Larry Chambers, who was the skipper of the U.S. aircraft carrier Midway during the fall of Saigon in 1975, said during an interview that was published on Sunday that what is happening now in Afghanistan is “worse” than what happened in Saigon.
Chambers made his initial remarks in an interview with The Military Times several days ago, before all out chaos erupted on the ground in Afghanistan with the Taliban rapidly recapturing nearly the entire country in just a few short days. Numerous media figures, politicians, and activists have compared the situation in Afghanistan to the rooftop evacuations in 1975.
“To be perfectly honest with you, what is happening now is worse than what happened in Vietnam,” Chambers said. Chambers oversaw the evacuation of thousands of U.S. personnel and Vietnamese nationals during the fall of Saigon.
Then, on Sunday, Chambers doubled-down in additional remarks to the publication, saying, “Of course it’s worse than Saigon.”
“We tried to get out as many people who worked with us as we could,” Chambers added. “Did we do a good job? Who knows? I do not know what [the Taliban is] going to do, but whaver it is [it’s] not going to be pretty.”
“In Afghanistan, we are abandoning the folks who supported us while we were there,” Chambers said. “We had a huge amphibious force sitting off Saigon. We don’t have a huge amphibious force sitting off Kabul.”
Chambers noted that the Taliban are different than the North Vietnamese, and that at this point “you can’t save everyone who helped us.”
“Remember all of those attacks by people willing to kill themselves?” Chambers continued. “That is a different world over there as opposed to what we were facing in Vietnam.”
The Military Times reported on the heroic actions that Chambers took to save lives during the chaos:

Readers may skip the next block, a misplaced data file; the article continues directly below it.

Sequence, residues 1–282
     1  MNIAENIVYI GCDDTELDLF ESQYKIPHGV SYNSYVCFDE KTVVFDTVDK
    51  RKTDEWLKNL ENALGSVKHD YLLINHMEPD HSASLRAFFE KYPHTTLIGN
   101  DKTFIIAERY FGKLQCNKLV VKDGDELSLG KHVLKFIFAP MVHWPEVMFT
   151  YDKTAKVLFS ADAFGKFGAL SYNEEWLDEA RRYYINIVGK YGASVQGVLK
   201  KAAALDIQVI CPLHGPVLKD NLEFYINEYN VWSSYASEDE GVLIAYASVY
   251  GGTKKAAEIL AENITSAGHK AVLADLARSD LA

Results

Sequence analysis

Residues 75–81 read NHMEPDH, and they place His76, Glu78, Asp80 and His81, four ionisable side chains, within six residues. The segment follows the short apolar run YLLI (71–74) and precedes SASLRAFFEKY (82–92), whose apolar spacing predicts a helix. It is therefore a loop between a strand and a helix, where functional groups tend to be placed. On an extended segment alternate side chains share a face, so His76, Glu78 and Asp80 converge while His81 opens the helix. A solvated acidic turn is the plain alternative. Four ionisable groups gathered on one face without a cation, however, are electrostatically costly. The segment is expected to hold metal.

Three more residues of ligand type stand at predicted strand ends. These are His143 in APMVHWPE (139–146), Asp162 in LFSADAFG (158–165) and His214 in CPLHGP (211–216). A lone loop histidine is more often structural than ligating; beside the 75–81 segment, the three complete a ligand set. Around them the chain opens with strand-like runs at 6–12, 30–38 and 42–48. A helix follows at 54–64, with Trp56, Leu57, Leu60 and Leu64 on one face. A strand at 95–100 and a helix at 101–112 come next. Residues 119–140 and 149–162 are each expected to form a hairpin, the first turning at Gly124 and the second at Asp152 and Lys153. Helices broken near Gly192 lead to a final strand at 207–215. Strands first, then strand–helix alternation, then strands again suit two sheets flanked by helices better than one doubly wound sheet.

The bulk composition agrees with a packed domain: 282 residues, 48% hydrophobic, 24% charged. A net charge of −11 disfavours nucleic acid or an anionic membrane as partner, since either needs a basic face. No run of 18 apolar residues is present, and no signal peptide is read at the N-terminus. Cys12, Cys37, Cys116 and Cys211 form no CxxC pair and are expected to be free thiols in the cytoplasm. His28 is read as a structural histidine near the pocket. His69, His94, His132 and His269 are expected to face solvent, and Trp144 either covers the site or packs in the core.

As the human misery unfolded, Chambers, the first Black aircraft carrier skipper, risked his career to help save those who helped the U.S. As Vietnamese air force Maj. Buang-Ly circled overhead with his family in a Cessna Bird Dog, dropping desperate notes on the deck, Chambers made a fateful and, as it turns out, historic decision.
Despite being ordered to let Ly ditch into the sea, Chambers knew the man and his family would never survive. So he had his crew push millions of dollars worth of helicopters into the sea to make room for the small plane, which had no business flying over open water. Chambers, who retired in 1984 as a rear admiral, said he knew he was risking a court-martial, but acted anyway.
“I’d have to live with my grandmother yelling in my ear ‘do the right thing,’” Chambers said as he explained his actions during the interview. “Everyone has a conscience. You look at the options. There are no winners in these situations. You do the best you can, do the thing you know you can live with and figure you will pay the consequences for the act.”
This report has been updated to include additional information.
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